Full body scanners, similar to the ones at airports, at entrances cost about $3.6 million.
As previously mentioned, 50 foot high golf netting cost $8.3 million.
And drone detection technology? Another $240,440.
But the prisons don’t have the authority to shoot or take down the devices by any means.
If convicted, an offender who delivers or attempts to deliver contraband could face a fine of up to $10,000 and 10 years in prison.
The same goes for inmates caught in possession of contraband.
Circling back to cellphones
Stirling says the common thread is cellphones.
He argues they can be used inside prison walls to coordinate drone drops and in part enable drones to operate.
The Department of Corrections has been working to overturn a Federal Communications Commission regulation that prevents the state agency from jamming cell phones.
“They have fought us every step of the way on jamming, and it’s very disappointing but we need congress to act,” Stirling said.
According to the FCC, “The use of a phone jammer, GPS blocker, or other signal jamming device designed to intentionally block, jam, or interfere with authorized radio communications is a violation of federal law.”
This is because interference could prevent emergency calls and thus put public safety at risk.
“We’ve been pushing and pushing. We’ve met with the FCC, they’ve had a hearing, they’ve had a field hearing, they’ve seen the problem. They tell me that they cannot allow us to jam, that would be illegal, federal prisons can but states cannot and that makes no sense to me,” Stirling said.
Even as recently as this week, Captain Robert Johnson, who survived a hit on his life coordinated via illegal cellphones by inmates at Lee Correctional, joined Stirling and others within the Correctional Leaders Association Washington, D.C. to continue to push the issue.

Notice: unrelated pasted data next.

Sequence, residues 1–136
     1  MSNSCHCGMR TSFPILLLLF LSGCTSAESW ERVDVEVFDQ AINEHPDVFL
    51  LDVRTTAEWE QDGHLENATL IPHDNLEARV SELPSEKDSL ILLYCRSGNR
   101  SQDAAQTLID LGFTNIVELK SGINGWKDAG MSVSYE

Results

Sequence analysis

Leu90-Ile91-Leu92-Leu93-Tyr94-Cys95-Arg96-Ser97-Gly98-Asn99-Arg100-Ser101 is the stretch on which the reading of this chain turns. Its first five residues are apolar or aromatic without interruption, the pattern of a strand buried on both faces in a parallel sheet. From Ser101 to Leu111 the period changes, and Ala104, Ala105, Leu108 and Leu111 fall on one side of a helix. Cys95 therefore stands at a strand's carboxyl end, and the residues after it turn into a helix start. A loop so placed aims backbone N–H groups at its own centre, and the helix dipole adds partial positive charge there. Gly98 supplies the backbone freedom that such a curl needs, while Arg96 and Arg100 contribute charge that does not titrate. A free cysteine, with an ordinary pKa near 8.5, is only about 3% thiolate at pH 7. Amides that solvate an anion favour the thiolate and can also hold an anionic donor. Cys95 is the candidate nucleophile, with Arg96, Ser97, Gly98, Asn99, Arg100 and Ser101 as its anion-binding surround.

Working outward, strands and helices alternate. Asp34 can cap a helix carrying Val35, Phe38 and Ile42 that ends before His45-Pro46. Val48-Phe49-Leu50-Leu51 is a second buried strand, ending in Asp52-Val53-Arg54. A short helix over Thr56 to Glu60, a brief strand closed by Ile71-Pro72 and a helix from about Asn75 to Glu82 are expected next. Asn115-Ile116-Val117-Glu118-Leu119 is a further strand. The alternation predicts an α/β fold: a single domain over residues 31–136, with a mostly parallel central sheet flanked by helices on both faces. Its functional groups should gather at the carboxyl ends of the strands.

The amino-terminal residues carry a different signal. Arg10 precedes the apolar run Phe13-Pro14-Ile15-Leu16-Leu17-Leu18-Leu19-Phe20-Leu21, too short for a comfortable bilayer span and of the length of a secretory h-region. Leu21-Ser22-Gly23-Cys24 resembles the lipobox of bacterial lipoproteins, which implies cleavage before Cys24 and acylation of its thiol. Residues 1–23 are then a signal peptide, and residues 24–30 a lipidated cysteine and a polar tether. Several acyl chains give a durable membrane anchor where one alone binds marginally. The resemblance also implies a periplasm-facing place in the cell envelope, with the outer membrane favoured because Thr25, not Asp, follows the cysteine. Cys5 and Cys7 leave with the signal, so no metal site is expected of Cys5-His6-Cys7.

In 2019, the Cell Phone Jamming Reform Act was introduced in the U.S. Senate and co-sponsored by republican senator Lindsey Graham, but no actions have been taken on the legislation since.
A compromised, legal solution is currently in use at Lee Correctional Institution called Management Access Systems.
It requires a list of approved cell phones that should be able to connect to the signal.
“We’ve really had mixed results with that. Sometimes it works. Sometimes it doesn’t if that worked every prison system in the country would have that,” Stirling said.
Stirling says he’s hopeful that the department of corrections may soon be able to identify illegal cellphones inside the prisons, and have them added to the stolen phone database, which would then make them null.
Another compromise with the FCC.
“The hope and goal is with this system…they will eventually buy a phone that costs several thousand dollars. Well if that phone is shut down and no better than a brick the next phone, you know, supply and demand is going to cost several thousand more and then eventually they will not be able to afford the phones and we’ll be able to shut them down,” Stirling said.